Wow! Thanks for sharing. I had no idea that Fall River had produced such an exceptional talent!
My pleasure. I just came across her, myself. :-)
I noted that Mary L. Macomber's middle name was Lizzie. Named after Lizzie Borden? The dates don't fit, however: Macomber was born in 1861, and the Lizzie Borden trial was held in 1893.
I noticed the name coincidence as well...
Thersites,Maybe the name Lizzie was popular back then.
I much prefer Elizabeth to Lizzie. :-)It's a family name. My grandmother is Mary Elizabeth.
I would have thought "Lizzie" to be more a "pet" than "given" name... what's surprising is that her middle inititial wasn't an 'E'.
...and yes, evidently the name was much more popular back then.
Thersites,Great chart! I've bookmarked it.
I came upon a very interesting site today. May be you guys too would like a look at it. :)
When I want to destroy the world... I'll do it with an idea. ;)
Thersites said...I would have thought "Lizzie" to be more a "pet" than "given" name... what's surprising is that her middle inititial wasn't an 'E'My grandmother's pet name is Beth. Just hearing family or friends refer to her as Beth gives me a moment of happiness. I think it's one reason I enjoyed "Little Women". The characters had such great, feminine names.
AOW, I know you love that book. Do you relate to one character more than the others?
If I recall correct, Lizzie was Lizzie Borden's given name. Her full given name was Lizzie Andrew Borden.Back in the 1800s, it wasn't unusual to give what we call "pet names" as given names. For example, my paternal grandmother's given first name was Annie -- not Ann or Anna.BTW, after the murders, Lizzie Borden called herself "Lizbeth"; see THIS. That is the name engraved on her tomb. I've visited her grave at least twice.
Jen,About my relating to a particular character in Little Women -- Jo, of course!Are you familiar with Little Men? I've recently revisited that novel. I don't have a boarding school for boys, but I have homeschooling classrooms full of boys. Some years ago, one of my teaching friends said to me: "You always like the bad ones" -- meaning, the bad boys. True enough -- as long as the bad boys aren't mean as snakes! I try to find a way for bratty boys to channel their energy in a more positive way, and I'm successful at least 50% of the time.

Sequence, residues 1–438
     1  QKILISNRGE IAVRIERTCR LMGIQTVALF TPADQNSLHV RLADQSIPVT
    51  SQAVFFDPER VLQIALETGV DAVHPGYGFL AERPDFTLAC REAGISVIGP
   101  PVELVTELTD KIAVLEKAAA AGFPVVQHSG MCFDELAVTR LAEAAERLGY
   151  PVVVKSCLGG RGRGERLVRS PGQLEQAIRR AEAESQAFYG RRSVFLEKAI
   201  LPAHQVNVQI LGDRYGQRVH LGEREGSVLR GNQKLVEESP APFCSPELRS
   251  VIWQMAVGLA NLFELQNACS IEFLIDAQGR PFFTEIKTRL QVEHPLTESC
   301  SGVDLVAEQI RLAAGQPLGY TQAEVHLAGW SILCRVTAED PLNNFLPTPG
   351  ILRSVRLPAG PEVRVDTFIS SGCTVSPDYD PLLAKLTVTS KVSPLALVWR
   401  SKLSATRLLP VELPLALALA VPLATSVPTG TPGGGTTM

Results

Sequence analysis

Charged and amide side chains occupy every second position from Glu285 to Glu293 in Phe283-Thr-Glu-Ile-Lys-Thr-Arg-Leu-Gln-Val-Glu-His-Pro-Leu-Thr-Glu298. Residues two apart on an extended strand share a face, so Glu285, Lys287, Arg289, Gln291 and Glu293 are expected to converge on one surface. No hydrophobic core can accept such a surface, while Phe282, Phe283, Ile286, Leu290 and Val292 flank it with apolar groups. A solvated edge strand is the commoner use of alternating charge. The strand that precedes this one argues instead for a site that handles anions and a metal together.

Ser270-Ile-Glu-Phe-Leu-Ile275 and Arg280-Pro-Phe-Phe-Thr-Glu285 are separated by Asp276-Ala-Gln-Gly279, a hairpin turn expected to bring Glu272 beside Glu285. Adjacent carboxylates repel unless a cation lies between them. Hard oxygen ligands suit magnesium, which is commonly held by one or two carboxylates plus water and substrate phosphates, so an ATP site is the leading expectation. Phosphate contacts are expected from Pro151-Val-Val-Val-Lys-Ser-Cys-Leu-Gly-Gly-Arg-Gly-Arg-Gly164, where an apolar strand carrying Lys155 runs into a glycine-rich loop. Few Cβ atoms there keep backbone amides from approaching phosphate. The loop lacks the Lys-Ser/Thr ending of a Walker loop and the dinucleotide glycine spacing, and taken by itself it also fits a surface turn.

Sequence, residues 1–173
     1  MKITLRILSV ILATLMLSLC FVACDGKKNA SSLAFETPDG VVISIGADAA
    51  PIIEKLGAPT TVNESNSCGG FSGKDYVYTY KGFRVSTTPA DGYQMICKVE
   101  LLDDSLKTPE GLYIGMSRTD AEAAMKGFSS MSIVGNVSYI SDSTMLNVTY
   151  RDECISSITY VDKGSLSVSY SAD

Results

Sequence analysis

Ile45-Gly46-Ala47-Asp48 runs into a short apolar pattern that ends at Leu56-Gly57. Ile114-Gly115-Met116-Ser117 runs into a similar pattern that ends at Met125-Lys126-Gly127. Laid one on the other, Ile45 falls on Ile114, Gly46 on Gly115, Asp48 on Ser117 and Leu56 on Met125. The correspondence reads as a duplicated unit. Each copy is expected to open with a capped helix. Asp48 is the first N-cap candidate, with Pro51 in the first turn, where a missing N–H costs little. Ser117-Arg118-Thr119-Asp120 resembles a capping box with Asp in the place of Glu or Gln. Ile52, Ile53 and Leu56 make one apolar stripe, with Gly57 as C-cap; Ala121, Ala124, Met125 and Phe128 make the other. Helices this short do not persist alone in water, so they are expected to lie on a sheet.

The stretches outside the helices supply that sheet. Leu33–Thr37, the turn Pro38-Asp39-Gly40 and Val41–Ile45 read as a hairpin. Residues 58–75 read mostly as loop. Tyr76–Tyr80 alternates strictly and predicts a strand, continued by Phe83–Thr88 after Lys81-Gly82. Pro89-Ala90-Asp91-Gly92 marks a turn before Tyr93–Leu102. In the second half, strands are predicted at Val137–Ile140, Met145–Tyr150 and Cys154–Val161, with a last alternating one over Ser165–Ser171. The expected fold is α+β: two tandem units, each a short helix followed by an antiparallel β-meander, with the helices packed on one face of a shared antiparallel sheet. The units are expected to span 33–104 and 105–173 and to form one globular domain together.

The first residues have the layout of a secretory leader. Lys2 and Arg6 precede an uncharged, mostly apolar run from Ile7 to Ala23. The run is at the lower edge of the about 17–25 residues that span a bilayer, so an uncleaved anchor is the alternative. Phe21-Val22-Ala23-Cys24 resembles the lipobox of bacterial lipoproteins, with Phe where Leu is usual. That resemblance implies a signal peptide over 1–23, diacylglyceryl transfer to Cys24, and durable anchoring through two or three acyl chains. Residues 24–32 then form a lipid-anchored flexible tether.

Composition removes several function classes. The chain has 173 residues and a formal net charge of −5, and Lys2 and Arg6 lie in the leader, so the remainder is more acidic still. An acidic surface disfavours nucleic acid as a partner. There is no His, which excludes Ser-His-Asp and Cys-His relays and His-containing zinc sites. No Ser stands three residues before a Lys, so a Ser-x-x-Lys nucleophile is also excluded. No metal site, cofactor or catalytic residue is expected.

:-)I knew it was Jo! I think I relate to Meg. A little too practical...but I'm trying to overcome that. ;-)
And God bless you for engaging with the bad boys! They NEED that.
Jen,Little Women's Meg is the wisest of the March sisters. But she doesn't have a zest for life.This is not to say that she doesn't enjoy life!
I could talk forever about "bad boys." In my experience, they often are floundering emotionally.I've had some success very recently with one of "the bad boys" in my class. I know what turned him around (for the time being, anyway): he completed an assignment well, and I praised him in front of the class. He is excited to be in class now and racking up some good grades. Just the one moment of praise -- that's all it took! Amazing! I think that the one moment of praise let him know that I do have confidence in his academic abilities. And it's wonderful to see him smiling now; ever since he arrived to the class back in November, he was more somber than I like to see. I'm not sure why he had that cloud over his head, but the cloud seems to have lifted.PS: Jo would have given the boy I just mentioned the same moment of praise and would have won him over completely. I haven't won him over completely. Yet.
It's a gift to be able to encourage them in the classroom, AOW. I thought I wanted to be a teacher until I spent one semester student teaching. I realized quickly that education wasn't my calling!:-)P.s. Jo might have won him over completely, but she is, after all, fictional. P.s.s. I often think of Jane Eyre in the same way. I adore her!!
Jen,In my view, real teachers are called; they don't pursue merely a career.PS: Jane Eyre is another of my favorite books! The first time that I read it, I was in 5th or 6th grade. I've reread it at least once more.PPS: My model for teaching in several ways in Annie Sullivan. Just sayin'.
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